Like all the worlds colliding.
Yeah, and you always feel like you want to show off, but you also don’t want to feel like you’re showing off, because you want to still be that person from the past, but you desperately don’t want to be that person from the past. I think there’s the age you get to where your own family starts to die or disappear and you kind of reach a moment of your own mortality. And you realize that all you kind of have against the darkness is your own friends.
How do you think your identity as a gay man shaped how you wrote about this straight male friendship in your book?
My first instinct was to make the main character gay, because that is exciting and interesting to me, but I didn’t do that, because I was actually worried that it would become like a classic gay-man-obsessed-with-a-straight-man-who-has-it-all story. And that’s actually what I didn’t want to write. So I had to make Ian straight. I could’ve made Charlie gay, actually. That would’ve been interesting. But that would’ve been a character that was too fraught to begin with. I wanted to literally make these characters unfraught. I wanted to have them have really easy early lives. Just to see how they functioned.
Are there different qualities that you think two straight men bring to friendship as opposed to two gay men?
I think that gay men interact with each other differently than straight men. I think there are different ways of speaking or touching even, or body contact or body language. I do believe there’s a lot of homoeroticism in straight male culture, from locker rooms to sports activities. That’s just built in. And so someone’s gonna read the book and say, “Oh, they’re secretly gay.” But they’re not. I think if you look at any straight male relationship, there is a certain sexualizing.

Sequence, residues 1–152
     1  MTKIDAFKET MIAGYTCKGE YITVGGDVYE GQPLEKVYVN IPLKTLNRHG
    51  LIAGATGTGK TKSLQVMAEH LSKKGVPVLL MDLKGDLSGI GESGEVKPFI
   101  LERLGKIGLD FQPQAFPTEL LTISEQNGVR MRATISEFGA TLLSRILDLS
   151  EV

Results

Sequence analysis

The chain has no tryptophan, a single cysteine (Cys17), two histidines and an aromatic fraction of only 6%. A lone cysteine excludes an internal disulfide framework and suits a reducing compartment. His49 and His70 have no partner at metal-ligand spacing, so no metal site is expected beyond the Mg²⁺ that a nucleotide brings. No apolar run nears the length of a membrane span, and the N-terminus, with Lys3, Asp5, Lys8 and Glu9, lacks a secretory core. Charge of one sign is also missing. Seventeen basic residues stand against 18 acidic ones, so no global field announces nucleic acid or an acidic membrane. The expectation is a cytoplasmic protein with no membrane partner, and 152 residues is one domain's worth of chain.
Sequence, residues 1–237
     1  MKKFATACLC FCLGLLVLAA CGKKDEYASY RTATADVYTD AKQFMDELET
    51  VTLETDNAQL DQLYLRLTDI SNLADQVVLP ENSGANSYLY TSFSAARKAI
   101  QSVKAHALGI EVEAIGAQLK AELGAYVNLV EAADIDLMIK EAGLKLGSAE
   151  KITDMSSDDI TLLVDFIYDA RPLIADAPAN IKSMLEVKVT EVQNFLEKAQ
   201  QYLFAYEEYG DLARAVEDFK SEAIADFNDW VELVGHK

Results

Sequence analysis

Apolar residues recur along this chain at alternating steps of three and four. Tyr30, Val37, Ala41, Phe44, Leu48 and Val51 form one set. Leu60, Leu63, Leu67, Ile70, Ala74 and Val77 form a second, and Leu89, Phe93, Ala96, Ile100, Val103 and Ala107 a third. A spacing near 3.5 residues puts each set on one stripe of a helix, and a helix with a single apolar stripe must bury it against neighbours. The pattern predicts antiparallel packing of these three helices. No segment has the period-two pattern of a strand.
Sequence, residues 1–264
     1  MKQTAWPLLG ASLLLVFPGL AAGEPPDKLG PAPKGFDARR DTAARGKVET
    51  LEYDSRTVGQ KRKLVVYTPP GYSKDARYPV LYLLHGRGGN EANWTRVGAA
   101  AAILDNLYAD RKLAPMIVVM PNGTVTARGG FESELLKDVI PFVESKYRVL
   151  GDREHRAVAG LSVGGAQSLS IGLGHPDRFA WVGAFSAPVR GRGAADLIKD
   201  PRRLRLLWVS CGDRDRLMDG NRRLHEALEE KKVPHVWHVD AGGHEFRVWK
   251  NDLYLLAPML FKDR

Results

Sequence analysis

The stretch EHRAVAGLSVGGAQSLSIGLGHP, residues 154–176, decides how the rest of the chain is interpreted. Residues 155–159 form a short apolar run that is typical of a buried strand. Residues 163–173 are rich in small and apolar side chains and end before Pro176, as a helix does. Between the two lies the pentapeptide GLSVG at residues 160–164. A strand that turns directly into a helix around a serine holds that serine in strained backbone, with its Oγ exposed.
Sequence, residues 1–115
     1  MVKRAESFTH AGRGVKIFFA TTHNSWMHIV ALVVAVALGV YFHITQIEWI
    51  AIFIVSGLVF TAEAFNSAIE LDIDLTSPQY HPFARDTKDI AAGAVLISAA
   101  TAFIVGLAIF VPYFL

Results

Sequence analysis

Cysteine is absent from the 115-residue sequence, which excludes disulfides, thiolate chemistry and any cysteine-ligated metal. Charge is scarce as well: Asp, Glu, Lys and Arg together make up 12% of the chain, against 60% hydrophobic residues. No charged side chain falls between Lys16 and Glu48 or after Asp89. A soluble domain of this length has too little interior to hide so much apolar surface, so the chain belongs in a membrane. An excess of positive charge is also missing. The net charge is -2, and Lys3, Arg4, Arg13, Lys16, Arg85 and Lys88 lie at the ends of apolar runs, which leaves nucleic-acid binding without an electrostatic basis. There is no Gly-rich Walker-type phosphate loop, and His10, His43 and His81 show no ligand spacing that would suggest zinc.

As a gay man, or, in America, you learn so much about heterosexual relationships. You actually become kind of an expert in them. I mean, you see them because you are not privy to them, but you have watched them so carefully. And in fact, some of the best writers about heterosexual relationships, from E.M. Forster to Tennessee Williams, are gay men. It’s like a minor in heterosexuality. That’s a plus to being a gay writer. I think maybe a straight writer would have, arguably, a little less confidence about writing about gay relationships, but they shouldn’t.
As a writer, what’s the allure of the complicated character?
I feel like we’ve done a half-century of straight American marriages in the suburbs in novels. And it’s not to say that there aren’t writers who are coming up with new ways to complicate or write about it in beautiful and interesting ways. But it has been kind of done to death. For me, it doesn’t seem that interesting. I’m much more interested in the extremes of relationships, whether it’s sexual or financial. I think that the journalist’s job is to undo the knots, and to clean and clarify. I think that the novelist’s goal is to tighten the knots and see where they strike against other knots and tangle.
This interview has been edited and condensed.
Carolyn Murnick is the author of The Hot One: A Memoir of Friendship, Sex, and Murder.